2015-03 From the President: Retirement at Colleges and Universities
March, 2015 Retirement at Colleges and Universities
In 2014 the American Council on Education published Faculty Retirement: Best Practices for Navigating and Transitioning. It consisted of several chapters on the subject, first tracing the recent history of mandatory retirement and the changes that led to its end. Later chapters were devoted to the efforts of 13 institutions to mitigate the effects of this change.
In 1907 William Osler, chief physician of the Johns Hopkins Medical School, made a case for mandatory retirement in his outgoing talk. He claimed that faculty who were over the age of 40 were unproductive and that faculty over 60 were a nuisance. This attitude, along with a growing queue of well-qualified potential faculty who were waiting for places in the academy, led to the passing of mandatory retirement rules in many higher education institutions. By the 1960s these mandatory rules were putting a substantial percentage of the workforce into retirement, many of whom were not happy about it.
The population has aged since 1900. According to a CRS Report for Congress on life expectancy in the U.S. by I.B. Shrestha, average life expectancy went from 52.0 years in 1901–1924 to 75.8 years in 1982–2004. Many of these older people were able to continue working, and because of their extended lifespan they needed to work. But mandatory retirement rules blocked opportunities for their continued employment.
In 1967 congress passed the federal Age Discrimination in Employment Act (ADEA). The act protected employees between 40 and 65 from mandatory retirement. As 65 was commonly the retirement age for many faculty and staff in higher education, not much changed. But in 1978, an amendment to ADEA prohibited mandatory retirement before the age of 70. Again, in 1986, another amendment was passed to outlaw compulsory retirement in most sectors. But higher education continued to use mandatory retirement rules until 1993 when congress concluded that, as few faculty members worked beyond 70, a mandatory retirement age in higher education was unnecessary. So, faculty members no longer were forced into retirement by their age.
This forces universities to become creative in managing their aging workforce, while also making efforts to replenish their activities with younger people. A popular innovation has been the use of phased retirement plans. Our University had begun a version of phased retirement in the early 1980s. This has evolved into the current version, passed by the regents in 2003.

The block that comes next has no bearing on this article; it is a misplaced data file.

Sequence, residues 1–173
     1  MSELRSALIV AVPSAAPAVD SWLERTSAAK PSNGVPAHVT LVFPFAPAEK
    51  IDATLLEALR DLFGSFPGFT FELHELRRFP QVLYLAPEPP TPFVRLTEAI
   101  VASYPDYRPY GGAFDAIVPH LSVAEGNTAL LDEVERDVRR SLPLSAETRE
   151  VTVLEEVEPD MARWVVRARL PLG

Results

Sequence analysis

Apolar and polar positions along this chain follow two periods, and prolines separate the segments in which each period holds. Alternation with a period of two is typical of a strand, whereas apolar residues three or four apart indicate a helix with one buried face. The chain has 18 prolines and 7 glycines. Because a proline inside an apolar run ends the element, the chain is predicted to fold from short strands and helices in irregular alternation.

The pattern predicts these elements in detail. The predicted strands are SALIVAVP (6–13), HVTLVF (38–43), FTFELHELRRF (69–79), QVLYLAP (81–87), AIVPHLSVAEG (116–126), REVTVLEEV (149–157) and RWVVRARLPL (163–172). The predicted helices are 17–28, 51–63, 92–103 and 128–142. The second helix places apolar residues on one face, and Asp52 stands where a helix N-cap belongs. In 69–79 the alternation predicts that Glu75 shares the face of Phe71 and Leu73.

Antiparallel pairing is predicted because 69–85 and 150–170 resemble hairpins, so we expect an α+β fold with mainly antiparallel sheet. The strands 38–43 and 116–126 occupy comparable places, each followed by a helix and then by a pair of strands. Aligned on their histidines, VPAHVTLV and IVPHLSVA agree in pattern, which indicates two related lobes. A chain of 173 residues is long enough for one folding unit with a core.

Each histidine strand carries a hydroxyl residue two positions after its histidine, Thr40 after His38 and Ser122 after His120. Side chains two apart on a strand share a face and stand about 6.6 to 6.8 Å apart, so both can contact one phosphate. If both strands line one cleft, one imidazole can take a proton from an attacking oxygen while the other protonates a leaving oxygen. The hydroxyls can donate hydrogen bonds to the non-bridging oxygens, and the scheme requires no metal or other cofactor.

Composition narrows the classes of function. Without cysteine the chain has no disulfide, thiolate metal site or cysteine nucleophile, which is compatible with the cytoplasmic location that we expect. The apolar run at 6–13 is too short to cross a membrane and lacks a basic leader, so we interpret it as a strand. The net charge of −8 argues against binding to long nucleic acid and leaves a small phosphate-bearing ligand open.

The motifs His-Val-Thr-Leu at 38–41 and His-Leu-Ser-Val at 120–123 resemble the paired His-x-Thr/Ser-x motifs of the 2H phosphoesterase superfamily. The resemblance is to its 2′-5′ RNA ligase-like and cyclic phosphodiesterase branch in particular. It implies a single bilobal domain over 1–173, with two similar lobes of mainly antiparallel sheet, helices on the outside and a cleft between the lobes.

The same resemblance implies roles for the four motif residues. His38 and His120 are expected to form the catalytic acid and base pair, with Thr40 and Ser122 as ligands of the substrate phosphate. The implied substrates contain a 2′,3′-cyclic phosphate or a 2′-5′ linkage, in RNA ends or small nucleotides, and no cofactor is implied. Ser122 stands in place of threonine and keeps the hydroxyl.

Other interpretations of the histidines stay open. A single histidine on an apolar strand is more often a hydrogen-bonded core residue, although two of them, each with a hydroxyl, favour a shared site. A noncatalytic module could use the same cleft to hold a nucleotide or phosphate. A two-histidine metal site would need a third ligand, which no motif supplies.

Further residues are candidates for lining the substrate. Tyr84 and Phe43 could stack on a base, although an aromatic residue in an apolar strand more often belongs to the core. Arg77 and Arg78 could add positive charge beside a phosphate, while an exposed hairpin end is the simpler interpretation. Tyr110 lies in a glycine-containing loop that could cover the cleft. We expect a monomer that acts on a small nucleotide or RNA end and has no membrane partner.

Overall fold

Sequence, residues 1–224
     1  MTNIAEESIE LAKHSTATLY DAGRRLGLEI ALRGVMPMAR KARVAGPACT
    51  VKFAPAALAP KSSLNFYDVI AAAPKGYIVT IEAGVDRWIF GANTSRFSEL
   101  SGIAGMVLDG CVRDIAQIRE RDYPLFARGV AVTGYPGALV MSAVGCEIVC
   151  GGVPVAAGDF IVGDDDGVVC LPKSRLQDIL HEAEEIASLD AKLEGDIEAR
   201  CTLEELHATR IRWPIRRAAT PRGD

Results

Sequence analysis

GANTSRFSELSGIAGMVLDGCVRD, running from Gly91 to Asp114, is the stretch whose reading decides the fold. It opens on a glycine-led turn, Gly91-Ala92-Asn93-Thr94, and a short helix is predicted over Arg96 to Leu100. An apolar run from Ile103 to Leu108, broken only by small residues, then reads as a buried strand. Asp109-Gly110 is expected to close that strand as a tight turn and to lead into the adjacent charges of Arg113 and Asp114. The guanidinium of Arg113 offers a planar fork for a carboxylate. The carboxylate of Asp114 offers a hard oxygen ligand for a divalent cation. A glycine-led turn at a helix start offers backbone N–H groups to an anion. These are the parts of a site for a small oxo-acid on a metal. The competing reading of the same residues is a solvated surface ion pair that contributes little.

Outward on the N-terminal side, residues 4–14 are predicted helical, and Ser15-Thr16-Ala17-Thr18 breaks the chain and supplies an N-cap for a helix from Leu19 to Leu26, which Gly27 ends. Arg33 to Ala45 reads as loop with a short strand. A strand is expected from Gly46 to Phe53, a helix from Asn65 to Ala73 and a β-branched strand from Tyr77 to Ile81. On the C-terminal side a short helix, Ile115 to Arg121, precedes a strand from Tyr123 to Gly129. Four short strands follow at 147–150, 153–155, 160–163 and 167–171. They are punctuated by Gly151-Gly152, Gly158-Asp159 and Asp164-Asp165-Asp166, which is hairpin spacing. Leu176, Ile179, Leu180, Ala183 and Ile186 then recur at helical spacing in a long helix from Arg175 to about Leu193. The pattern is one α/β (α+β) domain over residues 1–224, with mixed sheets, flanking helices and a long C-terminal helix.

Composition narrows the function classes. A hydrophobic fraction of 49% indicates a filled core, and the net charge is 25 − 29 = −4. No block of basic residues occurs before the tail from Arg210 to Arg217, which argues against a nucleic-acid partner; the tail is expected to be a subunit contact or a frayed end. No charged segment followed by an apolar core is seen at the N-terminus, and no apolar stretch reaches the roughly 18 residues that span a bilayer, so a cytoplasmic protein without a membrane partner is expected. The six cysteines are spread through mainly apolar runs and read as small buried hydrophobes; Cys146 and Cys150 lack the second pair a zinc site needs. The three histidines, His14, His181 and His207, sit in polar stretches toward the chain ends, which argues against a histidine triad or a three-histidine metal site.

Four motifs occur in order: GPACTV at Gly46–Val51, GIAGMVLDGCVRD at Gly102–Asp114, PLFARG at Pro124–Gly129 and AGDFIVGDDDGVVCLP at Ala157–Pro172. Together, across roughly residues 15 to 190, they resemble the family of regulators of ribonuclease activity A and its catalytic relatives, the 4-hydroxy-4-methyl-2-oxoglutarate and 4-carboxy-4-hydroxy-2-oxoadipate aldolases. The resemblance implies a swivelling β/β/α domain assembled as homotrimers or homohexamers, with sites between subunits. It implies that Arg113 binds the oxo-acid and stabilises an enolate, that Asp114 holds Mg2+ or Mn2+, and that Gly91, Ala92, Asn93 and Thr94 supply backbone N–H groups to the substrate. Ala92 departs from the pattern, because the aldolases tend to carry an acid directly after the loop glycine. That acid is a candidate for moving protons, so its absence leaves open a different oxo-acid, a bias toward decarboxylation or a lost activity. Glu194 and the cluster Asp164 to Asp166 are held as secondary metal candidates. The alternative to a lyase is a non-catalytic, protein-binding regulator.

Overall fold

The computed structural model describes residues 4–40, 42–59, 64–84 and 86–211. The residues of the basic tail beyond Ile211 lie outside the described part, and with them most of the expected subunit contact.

In 2003, the regents of the University of Minnesota began offering phased retirement at age 55+ to tenured faculty and professional administrative (P&A) employees on continuous appointment. In exchange for surrendering continuous appointment/tenure they can reduce their work load and receive medical and dental benefits, vacation, and life insurance for between one and five years.
According to the University's Office of Human Resources reports, between 2004 and 2013, 625 faculty members and 684 P&A staff retired for a total of 1,309. Of that 1,309 total in those years, there were 350 qualified tenured faculty and continuous appointment P&A staff who took advantage of the phased retirement option (26.7 percent). It should be noted here that most P&A staff do not hold continuous appointments, therefore most do not qualify for the phased retirement option.
The average age of retired faculty members has crept up slightly during those years (age 66 in 2004–05; 68 in 2012–13). The average age of P&A retirees has fluctuated from year to year, but has also grown (age 58 in 2004–05 to 61 in 2012–13).
This reflects a trend reported in a 2011 study by TIAA/ CREF that showed that only 25 percent of the "Baby Boomer" faculty intend to retire by age 66.
"Considering that the baby boomer generation is the largest cohort in academe (U.S. Department of Education, 2004), institutions will need to be prepared to work with this generation and to have supports in place to allow for them to work longer." ("Faculty Retirement" page 7)
Given these figures, it is hard to say how effective phased retirement has been in moderating the trend toward later retirements at Minnesota. We will need to continue to find ways to balance longer career paths with the need for opening places for younger faculty and P&A staff.
— Hal Miller, UMRA President email@example.com